The US National Institutes of Health (NIH) should dismantle a decades-old colony of 360 chimpanzees, retiring all but roughly 50 of the animals to a national sanctuary, the biomedical agency was told on 22 January in a long-awaited report.
The report, from a working group of external agency advisors, also counsels the NIH to end about half of 21 existing biomedical and behavioral experiments, saying they do not meet criteria established in a December, 2011 Institute of Medicine (IOM) report.
“Clearly there is going to be a reduction in the use of chimpanzees in research,” says working group co-chair Kent Lloyd, the associate dean for research at the School of Veterinary Medicine at the University of California, Davis.
The report says that the NIH should begin planning sanctuary housing for the retiring animals “immediately”, and that a colony of about 50 animals would be sufficient for future research. The report also sets high hurdles for new chimpanzee experiments in the future, calling for the establishment of an independent committee that would vet individual study proposals after they first pass routine NIH scientific review. In cases where the burden on the animals is high, the benefit to humanity should have to be “very high” to pass muster with the committee, says Daniel Geschwind, the other co-chair of the working group and a geneticist at the School of Medicine at the University of California, Los Angeles.
The report suggests that three of nine ongoing invasive experiments, involving immunology and infectious diseases, could continue, because they meet the IOM criteria. These require that a study be needed for public health; that no alternative animal model exists; that performing the study in humans would be unethical; and that the animals be maintained in socially and physically appropriate habitats. The report also says that eight of 13 behavioral or comparative genomics studies could be allowed to continue, but in some cases only conditionally — meaning that funding for these experiments could not be renewed without passing the independent committee review.
The working group — a subgroup of NIH’s Council of Councils, a trans-agency advisory body — was chartered by NIH director Francis Collins one year ago to advise the agency on how to implement the recommendations of the IOM report, which found that most chimpanzee research was not necessary. Its recommendations are not binding; Collins is expected to respond to them in late March, after a 60-day period of public comment. But they signal yet another significant step in an ongoing retrenchment. Last month, the agency announced that it will retire 110 chimpanzees to the national Chimp Haven sanctuary in Keithville, Louisiana, after they had been first slated to move to an active NIH-supported research centre in San Antonio, Texas.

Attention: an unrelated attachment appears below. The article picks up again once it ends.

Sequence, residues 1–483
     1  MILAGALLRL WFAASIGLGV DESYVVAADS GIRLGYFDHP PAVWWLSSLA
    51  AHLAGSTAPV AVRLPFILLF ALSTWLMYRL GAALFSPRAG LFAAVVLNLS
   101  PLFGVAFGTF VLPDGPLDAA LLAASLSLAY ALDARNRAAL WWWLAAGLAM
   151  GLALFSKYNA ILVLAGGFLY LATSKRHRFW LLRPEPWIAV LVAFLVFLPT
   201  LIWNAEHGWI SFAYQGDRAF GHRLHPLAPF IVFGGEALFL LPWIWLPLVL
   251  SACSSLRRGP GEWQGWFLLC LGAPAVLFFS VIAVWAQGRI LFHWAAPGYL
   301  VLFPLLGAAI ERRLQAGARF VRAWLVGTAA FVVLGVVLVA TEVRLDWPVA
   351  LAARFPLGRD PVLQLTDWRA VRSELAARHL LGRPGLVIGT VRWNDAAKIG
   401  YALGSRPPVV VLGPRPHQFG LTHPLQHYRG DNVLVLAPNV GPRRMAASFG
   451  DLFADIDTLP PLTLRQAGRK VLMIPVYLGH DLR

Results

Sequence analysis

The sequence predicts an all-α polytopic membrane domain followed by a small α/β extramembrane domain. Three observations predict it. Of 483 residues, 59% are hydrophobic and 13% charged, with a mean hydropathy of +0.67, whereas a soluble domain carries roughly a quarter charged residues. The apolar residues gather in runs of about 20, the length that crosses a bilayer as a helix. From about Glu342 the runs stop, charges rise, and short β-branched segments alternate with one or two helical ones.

Today’s recommendations speak to the fate of an additional 360 research-eligible chimpanzees that are owned by the biomedical agency and housed at facilities in Texas and New Mexico.The fate of an additional 91 animals that the NIH pays to maintain, but does not own, was not clear; the agency cannot compel the retirement of these animals, housed at the Texas Biomedical Research Institute (TBRI) in San Antonio.
Animal rights activists welcomed the report. “A chimpanzee should no more live in a laboratory than a human should live in a phone booth,” says Justin Goodman, the director of laboratory investigations at People for the Ethical Treatment of Animals in Washington, DC. But the TBRI issued a statement saying that the report’s recommendations “will slow urgently needed medical advances necessary to prevent and treat human diseases that afflict millions of Americans as well as hundreds of millions of people living in other countries.”
Alice Ra’anan, director of government relations and science policy at the American Physiological Society in Bethesda, Maryland, says that, while the IOM report deems most chimpanzee research unnecessary, “the flip side of that is: some is necessary.” The report recognizes the need for the NIH to maintain a small chimpanzee colony, she says. “We have to have a sustainable capacity going into the future.”